Bucks win in overtime despite offensive dysfunction late
LOS ANGELES — Giannis Antetokounmpo is one of the best basketball players in the world. Yet he did not touch the ball in the final 35 seconds of regulation and several possessions in overtime during the Milwaukee Bucks‘ 124-122 victory over the Los Angeles Lakers on Friday night at Staples Center.
That is inexcusable.
On a night when the Bucks should be celebrating the fact that they are on the verge of clinching a playoff berth after consecutive wins on back-to-back nights over the Golden State Warriors and the Lakers, Friday night’s victory, and the way in which it transpired, offered another reminder of just how much work the organization has to do in the offseason — in finding the right coaching staff to help Antetokounmpo grow and creating the proper roster composition to allow that growth to be achieved.
Antetokounmpo is too dominant of a player, even on an off night when he was 8-for-20 from the field and struggled to find a rhythm early, to ever go through stretches late in games where he isn’t touching the ball. He didn’t even have a point, assist or turnover in the final 2:18 in regulation. When asked if his teammates had to do a better job finding him late in games, Antetokounmpo demurred, but his answer should scare the Bucks front office about the short-term future.
“A better job?” Antetokounmpo said. “I wouldn’t say that. I asked for the ball. [Eric] Bledsoe wanted to take a shot and then Khris [Middleton] wanted to take the shot, so I always trust my teammates and if they feel like they can execute in those moments in the game I’m just going to trust them and hopefully they end up well. We got the win, that’s all that matters. And I trust my teammates they’re going to find me when it matters the most.”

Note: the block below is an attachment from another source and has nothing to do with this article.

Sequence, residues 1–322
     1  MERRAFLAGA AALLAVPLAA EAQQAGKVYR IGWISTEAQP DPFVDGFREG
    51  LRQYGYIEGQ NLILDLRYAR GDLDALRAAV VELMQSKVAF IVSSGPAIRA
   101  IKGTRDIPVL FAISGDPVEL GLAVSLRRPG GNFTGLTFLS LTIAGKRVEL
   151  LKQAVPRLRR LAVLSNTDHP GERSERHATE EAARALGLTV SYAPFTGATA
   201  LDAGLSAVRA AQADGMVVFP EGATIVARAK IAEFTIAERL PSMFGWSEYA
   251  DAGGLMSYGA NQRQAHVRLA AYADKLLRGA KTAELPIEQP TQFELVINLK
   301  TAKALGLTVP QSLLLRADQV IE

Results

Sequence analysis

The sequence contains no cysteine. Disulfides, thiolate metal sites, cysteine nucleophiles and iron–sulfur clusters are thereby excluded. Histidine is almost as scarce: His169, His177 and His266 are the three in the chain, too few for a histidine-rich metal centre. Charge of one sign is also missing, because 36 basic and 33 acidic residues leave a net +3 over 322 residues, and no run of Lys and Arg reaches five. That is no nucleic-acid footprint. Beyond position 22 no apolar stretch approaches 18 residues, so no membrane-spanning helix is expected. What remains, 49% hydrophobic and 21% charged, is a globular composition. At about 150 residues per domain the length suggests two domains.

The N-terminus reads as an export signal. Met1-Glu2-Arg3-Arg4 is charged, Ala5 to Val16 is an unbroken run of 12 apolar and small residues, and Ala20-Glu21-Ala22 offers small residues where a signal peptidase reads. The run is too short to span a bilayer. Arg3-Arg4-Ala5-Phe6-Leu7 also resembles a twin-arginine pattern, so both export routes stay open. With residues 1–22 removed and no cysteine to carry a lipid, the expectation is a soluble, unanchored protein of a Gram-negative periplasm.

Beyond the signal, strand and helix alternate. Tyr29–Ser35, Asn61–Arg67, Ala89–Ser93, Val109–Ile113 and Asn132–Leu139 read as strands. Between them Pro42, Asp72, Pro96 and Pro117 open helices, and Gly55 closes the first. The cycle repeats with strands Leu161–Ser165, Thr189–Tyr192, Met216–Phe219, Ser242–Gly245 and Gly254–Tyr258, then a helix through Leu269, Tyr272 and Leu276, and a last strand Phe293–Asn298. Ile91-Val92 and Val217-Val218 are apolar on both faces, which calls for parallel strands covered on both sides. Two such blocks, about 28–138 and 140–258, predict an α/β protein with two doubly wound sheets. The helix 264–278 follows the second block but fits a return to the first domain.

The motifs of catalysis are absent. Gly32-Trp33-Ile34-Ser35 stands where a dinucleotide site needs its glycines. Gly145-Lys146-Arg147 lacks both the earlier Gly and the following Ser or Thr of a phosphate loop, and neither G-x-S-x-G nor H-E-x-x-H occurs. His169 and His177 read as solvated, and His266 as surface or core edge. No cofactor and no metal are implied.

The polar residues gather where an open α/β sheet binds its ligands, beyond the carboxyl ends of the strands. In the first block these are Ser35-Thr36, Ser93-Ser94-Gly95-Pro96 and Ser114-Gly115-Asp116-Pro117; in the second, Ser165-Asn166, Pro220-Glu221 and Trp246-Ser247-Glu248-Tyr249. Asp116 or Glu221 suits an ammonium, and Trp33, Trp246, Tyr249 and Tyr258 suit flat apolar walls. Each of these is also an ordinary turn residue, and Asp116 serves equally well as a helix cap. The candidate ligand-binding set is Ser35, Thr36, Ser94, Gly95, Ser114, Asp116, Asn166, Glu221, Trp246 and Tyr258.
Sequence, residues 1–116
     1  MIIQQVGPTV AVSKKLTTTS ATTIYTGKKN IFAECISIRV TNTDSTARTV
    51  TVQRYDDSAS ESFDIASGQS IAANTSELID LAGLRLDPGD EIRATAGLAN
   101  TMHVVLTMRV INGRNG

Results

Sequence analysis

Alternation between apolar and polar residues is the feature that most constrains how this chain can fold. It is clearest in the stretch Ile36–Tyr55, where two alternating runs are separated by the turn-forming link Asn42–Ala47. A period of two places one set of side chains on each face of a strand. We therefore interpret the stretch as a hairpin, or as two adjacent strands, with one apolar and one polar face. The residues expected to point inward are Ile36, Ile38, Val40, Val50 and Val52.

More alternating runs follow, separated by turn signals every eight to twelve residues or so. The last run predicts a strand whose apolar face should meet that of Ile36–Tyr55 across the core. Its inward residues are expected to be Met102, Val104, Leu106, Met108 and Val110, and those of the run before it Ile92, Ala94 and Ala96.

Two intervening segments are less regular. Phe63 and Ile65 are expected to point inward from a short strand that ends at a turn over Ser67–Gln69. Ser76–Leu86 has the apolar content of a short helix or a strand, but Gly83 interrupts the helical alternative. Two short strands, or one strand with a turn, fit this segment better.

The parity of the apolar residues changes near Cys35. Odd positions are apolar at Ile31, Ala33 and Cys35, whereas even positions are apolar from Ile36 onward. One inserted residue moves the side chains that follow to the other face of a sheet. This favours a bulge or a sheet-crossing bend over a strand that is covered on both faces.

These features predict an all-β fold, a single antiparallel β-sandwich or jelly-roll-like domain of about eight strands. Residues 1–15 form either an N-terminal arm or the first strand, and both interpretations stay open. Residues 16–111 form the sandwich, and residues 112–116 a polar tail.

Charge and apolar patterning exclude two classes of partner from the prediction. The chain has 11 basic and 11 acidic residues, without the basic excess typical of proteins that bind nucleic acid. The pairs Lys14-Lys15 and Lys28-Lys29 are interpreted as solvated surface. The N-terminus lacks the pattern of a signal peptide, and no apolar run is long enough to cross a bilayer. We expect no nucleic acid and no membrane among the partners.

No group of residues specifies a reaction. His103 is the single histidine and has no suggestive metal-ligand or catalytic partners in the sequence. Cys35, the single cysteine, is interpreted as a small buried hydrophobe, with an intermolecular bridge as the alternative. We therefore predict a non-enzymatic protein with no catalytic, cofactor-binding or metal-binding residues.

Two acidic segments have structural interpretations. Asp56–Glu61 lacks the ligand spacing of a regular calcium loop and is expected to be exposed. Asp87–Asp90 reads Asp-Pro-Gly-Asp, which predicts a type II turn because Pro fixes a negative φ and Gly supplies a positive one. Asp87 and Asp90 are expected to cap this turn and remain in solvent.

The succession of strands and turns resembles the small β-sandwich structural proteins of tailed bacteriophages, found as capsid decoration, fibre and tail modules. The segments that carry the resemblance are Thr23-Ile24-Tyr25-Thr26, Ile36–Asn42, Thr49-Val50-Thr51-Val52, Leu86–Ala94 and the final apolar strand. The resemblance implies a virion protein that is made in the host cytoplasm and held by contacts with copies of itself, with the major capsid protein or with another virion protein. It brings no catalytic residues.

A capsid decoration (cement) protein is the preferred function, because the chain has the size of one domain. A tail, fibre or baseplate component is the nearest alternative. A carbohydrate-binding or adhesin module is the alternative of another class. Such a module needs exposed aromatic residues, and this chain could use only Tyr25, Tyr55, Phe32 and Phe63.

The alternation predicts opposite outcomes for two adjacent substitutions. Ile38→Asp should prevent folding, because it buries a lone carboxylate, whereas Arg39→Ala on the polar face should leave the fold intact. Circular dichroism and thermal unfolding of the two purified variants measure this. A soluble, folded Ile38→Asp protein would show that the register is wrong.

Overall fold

Eric Bledsoe scores a season-high of 37 points after he swishes a 3-pointer then hits a transition layup in overtime against the Lakers.
Yes, Bledsoe scored 39 points, including outscoring the Lakers by himself 11-10 in overtime and knocking down seven of his 12 three-point attempts. But there were far too many possessions late where Bledsoe didn’t look to pass and there was little to no ball movement. More important, it’s not Bledsoe’s team — it’s Antetokounmpo’s. Antetokounmpo is the 23 year-old superstar and face of the franchise. He’s paid to deliver — and has multiple times this season — in exactly those kinds of moments. If he wants the ball, he should get it.
With the game on the line, Bledsoe kept the ball and jacked up a contested 3-pointer that missed. Bucks swingman Middleton collected the rebound and proceeded to miss a contested three-pointer of his own. Bucks interim head coach Joe Prunty acknowledged that he could have called a timeout but decided against it, noting that he didn’t think Middleton’s shot was bad, though he wished he would have driven the ball to the rim. Prunty got defensive when asked if Antetokounmpo needed to be more assertive in asking for the ball late in games.